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Article Published: 01 Apr 2018

Pioneer Woman

Rhoda Levine and Carol E. Domina
Rhoda Levine and Carol E. Domina (photo: Patricia K. Johnson)

A tribute panel to Rhoda Levine, recently installed in OA’s Ovation Hall in the National Opera Center, describes her as a “pioneer woman of opera.” It’s a fitting title for the veteran director and choreographer, who in her five-decade career has brought dozens of operas to life around the world — from the 1975 world premiere of Der Kaiser von Atlantis, written by inmates of the Theresienstadt concentration camp, at the Netherlands Opera, to the 1990 American premiere of Janáček’s From the House of the Dead at New York City Opera. An eminent teacher as well, Levine has taught at Yale, Juilliard and Northwestern, and today serves on the voice faculty of Manhattan School of Music. Along the way, she’s written seven children’s books, including two illustrated by Edward Gorey.

“She’s been a pioneer when it hasn’t always been easy for women,” says Carol E. Domina, who, with her hus­band, David, made the tribute panel possible. The Dominas met Levine at The Glimmerglass Festival in 1996, when she was directing Lizzie Borden, and have been friends ever since.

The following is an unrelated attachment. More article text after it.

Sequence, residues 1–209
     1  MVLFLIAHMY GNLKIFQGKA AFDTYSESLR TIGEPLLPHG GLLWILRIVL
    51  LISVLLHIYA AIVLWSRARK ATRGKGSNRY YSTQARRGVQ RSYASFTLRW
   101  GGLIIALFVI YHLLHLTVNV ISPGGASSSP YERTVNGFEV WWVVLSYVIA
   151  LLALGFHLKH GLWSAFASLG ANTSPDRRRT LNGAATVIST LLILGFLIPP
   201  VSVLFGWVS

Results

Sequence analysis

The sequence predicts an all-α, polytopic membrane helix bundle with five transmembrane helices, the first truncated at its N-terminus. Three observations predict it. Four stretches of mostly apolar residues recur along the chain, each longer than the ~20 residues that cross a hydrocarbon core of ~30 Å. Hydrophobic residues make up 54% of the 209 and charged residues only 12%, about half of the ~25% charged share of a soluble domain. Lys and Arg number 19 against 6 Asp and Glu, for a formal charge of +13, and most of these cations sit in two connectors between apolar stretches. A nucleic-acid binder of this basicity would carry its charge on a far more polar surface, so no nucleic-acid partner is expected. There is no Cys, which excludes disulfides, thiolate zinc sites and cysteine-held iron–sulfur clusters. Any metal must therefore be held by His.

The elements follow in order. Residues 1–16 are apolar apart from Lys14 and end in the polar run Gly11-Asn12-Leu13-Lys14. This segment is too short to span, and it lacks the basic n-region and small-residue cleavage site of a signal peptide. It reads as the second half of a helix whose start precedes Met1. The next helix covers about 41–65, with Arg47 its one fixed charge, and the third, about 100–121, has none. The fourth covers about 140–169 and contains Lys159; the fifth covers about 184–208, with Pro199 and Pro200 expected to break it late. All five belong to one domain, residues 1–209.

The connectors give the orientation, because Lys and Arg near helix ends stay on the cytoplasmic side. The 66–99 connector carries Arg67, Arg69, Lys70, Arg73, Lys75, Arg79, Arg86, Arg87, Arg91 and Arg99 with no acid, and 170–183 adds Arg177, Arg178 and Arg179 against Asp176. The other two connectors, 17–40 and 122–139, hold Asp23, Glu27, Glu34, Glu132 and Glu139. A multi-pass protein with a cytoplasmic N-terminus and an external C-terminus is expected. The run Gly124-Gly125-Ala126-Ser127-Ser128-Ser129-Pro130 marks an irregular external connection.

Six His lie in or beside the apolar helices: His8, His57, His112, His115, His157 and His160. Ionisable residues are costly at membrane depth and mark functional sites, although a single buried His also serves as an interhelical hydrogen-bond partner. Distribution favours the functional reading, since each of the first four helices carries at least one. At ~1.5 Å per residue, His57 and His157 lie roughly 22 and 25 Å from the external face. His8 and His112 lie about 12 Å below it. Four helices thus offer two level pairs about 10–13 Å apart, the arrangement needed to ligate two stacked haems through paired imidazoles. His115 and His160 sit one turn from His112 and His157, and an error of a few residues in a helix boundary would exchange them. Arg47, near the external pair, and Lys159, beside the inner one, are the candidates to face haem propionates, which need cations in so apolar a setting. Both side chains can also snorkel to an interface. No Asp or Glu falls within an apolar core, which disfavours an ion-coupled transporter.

Levine’s long and storied career is one that defies easy summation, but Domina sees a through-line in her work: a social consciousness and a com­mitment to using art to make societal statements. One such instance came when Levine was asked to direct the South African premiere of Porgy and Bess, and she refused to do so until Nel­son Mandela was no longer imprisoned. (She eventually directed the work’s Cape Town Opera premiere in 1996.) As Domina says of her friend: “She’s an activist. She’s unpretentious. And she’s a woman who lives her values.”

This article was published in the Spring 2018 issue of Opera America Magazine.